Here under the lights, I feel the bass— rather than hear it.
From here, I see only outstretched palms. The faces that belong to them to are but stencils in the dimness. Further back, only shapes move to a beat that drives from beside me.
“My life is a life for your cause
My will laid aside for your call
And reserved are the depths of my heart
Only for You.”
They are lyrics that have been circling in my mind all week as I practiced the chords that go behind them. I have turned them over in my hands a dozen times. I have prayed for them to be true for me. I have meant them.
There is a point in this song where all seems to stop, like a heartbeat on a monitor flat-lining.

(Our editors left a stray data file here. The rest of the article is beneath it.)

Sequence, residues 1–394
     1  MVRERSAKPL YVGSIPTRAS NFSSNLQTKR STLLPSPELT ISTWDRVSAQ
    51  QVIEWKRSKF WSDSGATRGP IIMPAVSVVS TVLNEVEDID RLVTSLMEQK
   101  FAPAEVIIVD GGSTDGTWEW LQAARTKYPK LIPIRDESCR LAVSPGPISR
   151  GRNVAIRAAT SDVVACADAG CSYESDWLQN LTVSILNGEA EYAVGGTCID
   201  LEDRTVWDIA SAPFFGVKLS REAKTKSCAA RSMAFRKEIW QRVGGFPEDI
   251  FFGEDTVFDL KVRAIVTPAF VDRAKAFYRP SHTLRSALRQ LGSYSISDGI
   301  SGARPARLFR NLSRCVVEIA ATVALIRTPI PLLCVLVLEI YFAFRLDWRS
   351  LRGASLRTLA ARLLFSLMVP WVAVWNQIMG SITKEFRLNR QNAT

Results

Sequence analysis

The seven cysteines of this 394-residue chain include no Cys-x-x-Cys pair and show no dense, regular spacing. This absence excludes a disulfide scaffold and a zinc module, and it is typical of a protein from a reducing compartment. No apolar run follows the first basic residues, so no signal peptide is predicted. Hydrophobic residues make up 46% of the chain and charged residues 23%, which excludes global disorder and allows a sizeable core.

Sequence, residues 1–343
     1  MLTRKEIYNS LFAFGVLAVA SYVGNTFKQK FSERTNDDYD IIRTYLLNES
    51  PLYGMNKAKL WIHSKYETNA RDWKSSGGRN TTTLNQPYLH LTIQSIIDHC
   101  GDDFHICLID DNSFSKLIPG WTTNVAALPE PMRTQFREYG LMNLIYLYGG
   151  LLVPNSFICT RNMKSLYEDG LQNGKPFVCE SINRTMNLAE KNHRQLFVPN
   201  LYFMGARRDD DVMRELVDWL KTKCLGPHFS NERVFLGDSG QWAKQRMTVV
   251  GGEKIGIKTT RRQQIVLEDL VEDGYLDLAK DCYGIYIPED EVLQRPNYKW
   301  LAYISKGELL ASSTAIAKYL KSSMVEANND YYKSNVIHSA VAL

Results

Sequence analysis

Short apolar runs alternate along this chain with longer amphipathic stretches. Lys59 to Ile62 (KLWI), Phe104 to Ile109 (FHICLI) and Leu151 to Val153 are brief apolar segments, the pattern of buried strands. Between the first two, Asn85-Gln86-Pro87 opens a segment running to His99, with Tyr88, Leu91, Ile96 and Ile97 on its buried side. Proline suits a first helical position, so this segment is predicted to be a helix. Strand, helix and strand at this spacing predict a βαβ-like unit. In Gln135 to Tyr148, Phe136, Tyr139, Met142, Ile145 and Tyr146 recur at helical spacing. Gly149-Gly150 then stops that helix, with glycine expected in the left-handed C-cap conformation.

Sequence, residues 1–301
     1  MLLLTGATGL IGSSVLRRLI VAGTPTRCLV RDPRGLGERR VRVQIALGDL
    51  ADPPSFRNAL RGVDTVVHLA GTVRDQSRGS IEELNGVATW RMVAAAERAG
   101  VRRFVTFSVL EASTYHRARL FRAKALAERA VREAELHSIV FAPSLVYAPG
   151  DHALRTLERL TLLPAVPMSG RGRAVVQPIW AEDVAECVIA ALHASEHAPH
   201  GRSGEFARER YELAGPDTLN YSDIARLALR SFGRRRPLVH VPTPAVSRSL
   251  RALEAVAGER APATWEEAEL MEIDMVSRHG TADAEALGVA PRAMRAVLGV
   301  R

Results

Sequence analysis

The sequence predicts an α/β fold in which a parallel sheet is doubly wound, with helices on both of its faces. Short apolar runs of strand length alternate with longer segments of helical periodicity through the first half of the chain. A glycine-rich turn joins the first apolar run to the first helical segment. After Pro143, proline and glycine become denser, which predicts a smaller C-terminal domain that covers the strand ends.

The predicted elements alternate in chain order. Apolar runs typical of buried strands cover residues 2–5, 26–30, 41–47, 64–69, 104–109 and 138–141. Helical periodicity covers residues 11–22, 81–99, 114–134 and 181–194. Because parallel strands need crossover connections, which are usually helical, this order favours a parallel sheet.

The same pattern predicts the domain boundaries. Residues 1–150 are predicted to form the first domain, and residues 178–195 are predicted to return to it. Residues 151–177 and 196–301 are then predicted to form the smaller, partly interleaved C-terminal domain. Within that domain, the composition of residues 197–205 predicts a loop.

The near silence after this point spans eighth bars —a near eternity when the next part depends on you.
On the ninth, it is the drummer and my turn. We revolve each other’s parts in patterns completely independent, yet complimentary. Clashing, yet matching.
I feel the riff close in on me, so the only thing I can hear are the circling of these notes. The beats rippling out from the glass beside me go silent, yet I still see the motion in the corner of my eye. For about 30 seconds, it’s just me and these five notes, cycling in triples.
The singer joins us. Soon our crescendo dawns into a complexity that becomes simple.
For these six minutes there is nothing else but Him and those of us in this room. It is an unlikely unity, but it falls into sense as it happens. About 50 young men and women chorus in an anthem with words I wonder if we even fully comprehend. Even the song writer recognized it:
“No eye has seen, no ear has heard
The depths of your love, Lord
No mind can fathom the love you deserve
How great You are.”
For these six minutes, I think I understand what the songwriter calls rhythms of grace sound like.